Jay-Z’s initial rise in the late ’90s coincided with two significant developments within hip-hop: the high-profile deaths of 2Pac and the Notorious B.I.G., as well as the rise of Mafioso and “shiny-suited” flossy rap taking over the mainstream. Both of these played a major part in Jay’s appeal at the time. On the heels of Pac and Biggie’s deaths—as well as a romanticized fatalism pervasive in mid-’90s hip-hop—Jay’s songs and albums, while often darker than their reputation, didn’t have the same fetish for martyrdom that seemed so pervasive during the height of Murder Was the Case and “Tha Crossroads.” Jay’s musical ethos was less doomed; he wasn’t preoccupied with dying at 25, but was focused clearly on winning. Emerging at a time when Puff Daddy, Bad Boy Records and Jermaine Dupri were extolling the virtues of expensive champagne, private jets and V.I.P. lifestyles, Jay was the perfect Pied Piper of conspicuous consumption presented as upward mobility.
What separated Jay from the Puff Daddys and Dupris was an artistic credibility that gave his flossy ambitions context outside of the shiny-suit era during which he’d emerged. As that trend died, and after Jay proved he wasn’t exactly suited to pandering to it, he found his firmest career footing balancing his street-hustler history with a ballerific rap rebel: unapologetically capitalist, with the commercial savvy to match his street appeal. For a generation of rap fans, Jay came to embody the hustler spirit and hip-hop’s wildest ambitions.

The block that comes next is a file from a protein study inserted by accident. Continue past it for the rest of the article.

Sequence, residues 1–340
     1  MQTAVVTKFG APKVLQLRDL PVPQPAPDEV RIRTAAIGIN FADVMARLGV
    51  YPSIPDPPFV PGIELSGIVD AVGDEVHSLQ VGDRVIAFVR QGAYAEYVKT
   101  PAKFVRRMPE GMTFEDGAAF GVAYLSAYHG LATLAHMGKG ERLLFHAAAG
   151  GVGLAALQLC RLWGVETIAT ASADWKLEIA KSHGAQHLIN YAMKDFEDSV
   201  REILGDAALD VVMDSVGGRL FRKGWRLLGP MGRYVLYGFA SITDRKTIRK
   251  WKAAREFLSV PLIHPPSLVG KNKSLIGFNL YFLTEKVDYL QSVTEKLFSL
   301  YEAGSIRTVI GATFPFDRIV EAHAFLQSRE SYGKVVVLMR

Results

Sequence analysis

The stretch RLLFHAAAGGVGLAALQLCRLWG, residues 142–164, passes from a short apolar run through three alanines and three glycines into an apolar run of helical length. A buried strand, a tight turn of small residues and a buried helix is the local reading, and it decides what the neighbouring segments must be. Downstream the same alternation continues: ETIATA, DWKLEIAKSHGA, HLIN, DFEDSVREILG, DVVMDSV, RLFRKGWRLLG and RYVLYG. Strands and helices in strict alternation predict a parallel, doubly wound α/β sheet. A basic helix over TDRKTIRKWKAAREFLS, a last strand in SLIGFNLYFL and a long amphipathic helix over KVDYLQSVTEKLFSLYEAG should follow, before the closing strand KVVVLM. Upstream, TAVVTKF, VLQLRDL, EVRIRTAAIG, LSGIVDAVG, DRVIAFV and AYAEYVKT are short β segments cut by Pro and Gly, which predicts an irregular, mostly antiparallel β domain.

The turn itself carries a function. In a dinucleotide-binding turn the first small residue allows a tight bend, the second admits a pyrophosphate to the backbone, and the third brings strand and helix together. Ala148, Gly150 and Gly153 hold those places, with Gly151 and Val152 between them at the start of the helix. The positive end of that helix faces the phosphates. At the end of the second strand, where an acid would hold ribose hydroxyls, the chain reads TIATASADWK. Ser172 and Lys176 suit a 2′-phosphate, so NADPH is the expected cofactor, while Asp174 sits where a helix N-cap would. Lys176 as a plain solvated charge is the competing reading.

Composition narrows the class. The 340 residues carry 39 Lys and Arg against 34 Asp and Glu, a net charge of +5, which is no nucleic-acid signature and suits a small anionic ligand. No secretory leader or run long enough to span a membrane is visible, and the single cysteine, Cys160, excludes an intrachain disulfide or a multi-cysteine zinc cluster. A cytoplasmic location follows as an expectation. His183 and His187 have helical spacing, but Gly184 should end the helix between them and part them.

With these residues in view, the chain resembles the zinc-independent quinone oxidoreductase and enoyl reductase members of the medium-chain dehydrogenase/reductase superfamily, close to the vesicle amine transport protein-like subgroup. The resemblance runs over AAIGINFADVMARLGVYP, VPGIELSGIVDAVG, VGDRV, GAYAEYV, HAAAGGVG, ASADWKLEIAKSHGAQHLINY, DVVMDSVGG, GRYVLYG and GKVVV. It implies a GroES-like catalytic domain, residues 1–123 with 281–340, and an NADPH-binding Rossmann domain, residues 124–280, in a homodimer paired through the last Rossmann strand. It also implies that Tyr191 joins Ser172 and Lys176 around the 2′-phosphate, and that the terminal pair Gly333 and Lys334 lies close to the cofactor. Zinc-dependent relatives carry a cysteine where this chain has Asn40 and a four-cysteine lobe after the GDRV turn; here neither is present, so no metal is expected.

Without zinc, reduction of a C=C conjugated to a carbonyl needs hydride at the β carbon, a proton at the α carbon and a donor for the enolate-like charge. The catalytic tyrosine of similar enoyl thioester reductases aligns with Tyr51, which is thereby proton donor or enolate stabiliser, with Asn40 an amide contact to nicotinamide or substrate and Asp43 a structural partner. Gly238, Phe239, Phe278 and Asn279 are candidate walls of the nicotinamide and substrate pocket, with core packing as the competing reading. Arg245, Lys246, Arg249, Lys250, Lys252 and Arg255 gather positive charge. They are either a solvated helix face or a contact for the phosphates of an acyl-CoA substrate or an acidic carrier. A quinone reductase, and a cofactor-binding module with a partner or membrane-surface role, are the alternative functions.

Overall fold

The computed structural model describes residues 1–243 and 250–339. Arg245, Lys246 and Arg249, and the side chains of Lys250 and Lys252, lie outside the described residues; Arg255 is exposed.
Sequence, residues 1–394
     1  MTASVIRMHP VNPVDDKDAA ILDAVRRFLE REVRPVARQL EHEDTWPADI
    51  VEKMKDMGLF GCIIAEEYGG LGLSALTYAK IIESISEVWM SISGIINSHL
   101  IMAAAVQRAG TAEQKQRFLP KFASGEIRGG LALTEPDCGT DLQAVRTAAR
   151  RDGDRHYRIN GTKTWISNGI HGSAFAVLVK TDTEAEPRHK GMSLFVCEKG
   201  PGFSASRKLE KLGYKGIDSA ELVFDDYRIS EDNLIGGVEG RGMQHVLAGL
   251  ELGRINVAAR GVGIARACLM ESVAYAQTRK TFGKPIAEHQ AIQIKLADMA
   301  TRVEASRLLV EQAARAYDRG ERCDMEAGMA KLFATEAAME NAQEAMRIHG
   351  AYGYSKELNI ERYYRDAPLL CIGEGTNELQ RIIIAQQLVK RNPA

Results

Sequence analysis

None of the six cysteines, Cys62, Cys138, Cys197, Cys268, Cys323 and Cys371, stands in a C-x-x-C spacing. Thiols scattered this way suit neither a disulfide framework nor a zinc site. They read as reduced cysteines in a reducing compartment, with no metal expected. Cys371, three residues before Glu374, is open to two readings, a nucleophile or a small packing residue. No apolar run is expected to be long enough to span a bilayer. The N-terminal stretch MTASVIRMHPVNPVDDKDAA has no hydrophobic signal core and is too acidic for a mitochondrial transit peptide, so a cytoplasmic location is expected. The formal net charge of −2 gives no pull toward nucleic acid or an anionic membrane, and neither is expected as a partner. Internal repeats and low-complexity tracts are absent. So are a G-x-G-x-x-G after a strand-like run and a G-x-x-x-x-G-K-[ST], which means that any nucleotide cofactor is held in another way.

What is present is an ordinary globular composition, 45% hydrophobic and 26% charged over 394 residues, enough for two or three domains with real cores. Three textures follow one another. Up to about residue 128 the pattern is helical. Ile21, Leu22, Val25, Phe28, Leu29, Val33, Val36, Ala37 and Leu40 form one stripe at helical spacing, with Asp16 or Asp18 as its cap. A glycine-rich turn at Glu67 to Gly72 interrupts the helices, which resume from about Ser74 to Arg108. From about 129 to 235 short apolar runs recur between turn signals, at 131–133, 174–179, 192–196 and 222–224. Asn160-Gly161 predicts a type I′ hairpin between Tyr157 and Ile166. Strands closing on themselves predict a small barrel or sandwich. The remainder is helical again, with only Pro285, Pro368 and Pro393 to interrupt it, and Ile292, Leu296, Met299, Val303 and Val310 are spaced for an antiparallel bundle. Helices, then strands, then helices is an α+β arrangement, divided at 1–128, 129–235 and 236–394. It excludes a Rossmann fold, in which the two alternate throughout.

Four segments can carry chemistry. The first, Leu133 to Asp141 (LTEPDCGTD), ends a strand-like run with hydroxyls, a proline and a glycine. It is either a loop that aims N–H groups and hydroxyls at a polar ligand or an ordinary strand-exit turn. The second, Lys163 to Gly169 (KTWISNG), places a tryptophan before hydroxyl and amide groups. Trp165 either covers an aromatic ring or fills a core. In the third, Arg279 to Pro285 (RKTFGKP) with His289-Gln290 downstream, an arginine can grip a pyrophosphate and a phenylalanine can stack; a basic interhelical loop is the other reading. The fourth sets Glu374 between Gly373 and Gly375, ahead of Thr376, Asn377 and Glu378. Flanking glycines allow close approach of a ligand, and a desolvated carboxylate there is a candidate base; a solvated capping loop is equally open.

Revisiting the more materialistic moments in hip-hop of yesteryear feels almost quaint in hindsight; boasts about cruising in Mustangs and Land Cruisers would eventually give way to gaudier verses about Bentleys and Maybachs. For so many, that shift epitomized hip-hop’s graduation to the “big time”: no longer satisfied with mere “hood” riches, to be a baller now meant echoing mantras of the 1 percent for the sake of showing the streets how high they could climb. And no rapper was a louder mouthpiece for the righteousness of riches than Shawn Corey Carter.
Of course, Jay-Z wasn’t the only rapper rhyming about money. But he had the most cultural sway and seemed to live it in a way that outshone virtually all of his peers. His raps-to-riches story was perfect: rejected as an aspiring artist, he’d launched Roc-A-Fella Records with partners Dame Dash and Kareem “Biggs” Burke, and through his own talent, turned “The Roc” into one of hip-hop’s most powerful labels by the early 2000s. He was living the reality so many rappers seemed to fantasize about, and as this brand of “luxury rap” became omnipresent, it changed the way rappers, critics and fans measured success—and the way the media commentated on that success. Sales and chart positions became constant fodder for music websites and entertainment blogs, and became key points of discussion when appraising a major hip-hop artist’s career and impact. Rankings on hip-hop Forbes lists and rappers’ net worths became constant talking points.